The future of fund management

To be held on Wednesday, September 18th, at Bakers’ Hall


  • Lord Mners

  • George Graham (RBS Pension Fund)

  • Pauline Skypala

  • Eoin Murray (Hermes Investment Management)



It is three years since the FCA got stuck into the asset management industry. Its market study found weak price competition, high profit margins and low investor awareness of charges – not helped by the complexity of fees. Since then, the industry has dealt with Mifid II, leading it to absorb research expenses, and has been required to spell out the costs it passes on to clients. The onward march of passive investment has intensified the downward pressure on fees and profit margins.

Meanwhile, fund managers are increasingly expected to incorporate ESG factors into investment policies. The latest set of FCA “remedies” demands better disclosure of fund objectives and the way benchmarks are used to judge – and charge for – performance. Some commentators have called this a perfect storm – and the squalls keep coming, including the revelation that the Woodford “open-ended” funds were illiquid.

We are delighted that our discussion will be led by the man who first threw the cat among the industry’s pigeons in 2001 with a report on institutional investment – Paul Myners. A former City minister and chair of M&S, Lord Myners has returned to his roots with roles that include general partner at the activist investor, Cevian Capital, and independent director at the Rothschild family’s Windmill Hill Asset Management.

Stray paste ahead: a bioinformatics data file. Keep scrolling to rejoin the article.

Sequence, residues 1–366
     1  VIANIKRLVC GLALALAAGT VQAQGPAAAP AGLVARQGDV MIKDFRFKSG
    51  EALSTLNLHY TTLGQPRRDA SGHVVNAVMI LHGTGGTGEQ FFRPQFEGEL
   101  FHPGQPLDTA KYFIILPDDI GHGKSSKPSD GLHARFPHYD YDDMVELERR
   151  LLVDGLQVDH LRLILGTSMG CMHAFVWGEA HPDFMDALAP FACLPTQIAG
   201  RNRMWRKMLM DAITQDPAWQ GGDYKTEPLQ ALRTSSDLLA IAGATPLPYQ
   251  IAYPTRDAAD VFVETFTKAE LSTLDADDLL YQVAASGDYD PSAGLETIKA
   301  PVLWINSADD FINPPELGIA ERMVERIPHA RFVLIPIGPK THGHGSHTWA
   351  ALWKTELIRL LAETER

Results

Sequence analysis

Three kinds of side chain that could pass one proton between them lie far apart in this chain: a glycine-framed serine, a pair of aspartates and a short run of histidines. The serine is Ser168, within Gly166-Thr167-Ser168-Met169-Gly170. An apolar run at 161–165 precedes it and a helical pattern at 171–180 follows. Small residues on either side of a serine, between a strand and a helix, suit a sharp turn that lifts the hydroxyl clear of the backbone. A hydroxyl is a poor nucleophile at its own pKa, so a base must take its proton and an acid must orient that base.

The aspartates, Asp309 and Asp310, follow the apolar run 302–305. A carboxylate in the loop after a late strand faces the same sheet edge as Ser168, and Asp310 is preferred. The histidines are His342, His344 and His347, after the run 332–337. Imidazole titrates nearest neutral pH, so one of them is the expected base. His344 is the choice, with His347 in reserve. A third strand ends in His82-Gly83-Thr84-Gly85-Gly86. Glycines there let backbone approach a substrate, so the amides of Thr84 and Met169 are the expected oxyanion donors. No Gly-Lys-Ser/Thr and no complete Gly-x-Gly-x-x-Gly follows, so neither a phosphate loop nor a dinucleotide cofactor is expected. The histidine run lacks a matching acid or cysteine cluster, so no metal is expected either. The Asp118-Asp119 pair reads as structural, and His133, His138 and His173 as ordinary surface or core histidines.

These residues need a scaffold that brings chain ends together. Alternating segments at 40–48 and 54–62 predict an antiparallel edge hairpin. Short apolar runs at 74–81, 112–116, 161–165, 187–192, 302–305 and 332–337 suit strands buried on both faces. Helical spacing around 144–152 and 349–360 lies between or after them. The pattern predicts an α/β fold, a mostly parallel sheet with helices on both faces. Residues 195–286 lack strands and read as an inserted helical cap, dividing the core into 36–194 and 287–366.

In what should be a wide-ranging debate, he will be joined by:

  • Eoin Murray, head of investment at Hermes. Eoin joined Hermes from GSA Capital Partners and before that was CIO at Old Mutual. He is the Upper Warden of the Guild of Investment Managers.

  • George Graham, deputy chairman of RBS’s Group Pension Fund, where he also chairs the investment committee. During a 20-year career at the FT, his roles included banking editor and head of Lex. He subsequently joined RBS as head of strategy development.

  • Pauline Skypala worked at the FT from 1999 to 2015. She was editor of its fund management supplement, FTfm, and then became deputy capital markets editor. She has won many awards, including the Harold Wincott award.

If you (or a colleague) would like to join us, please email or call the Centre on 0207 621 1056. As usual, there will be a sandwich lunch.


Sincerely yours,


Jane Fuller



*the round-table will start sharp at 12:30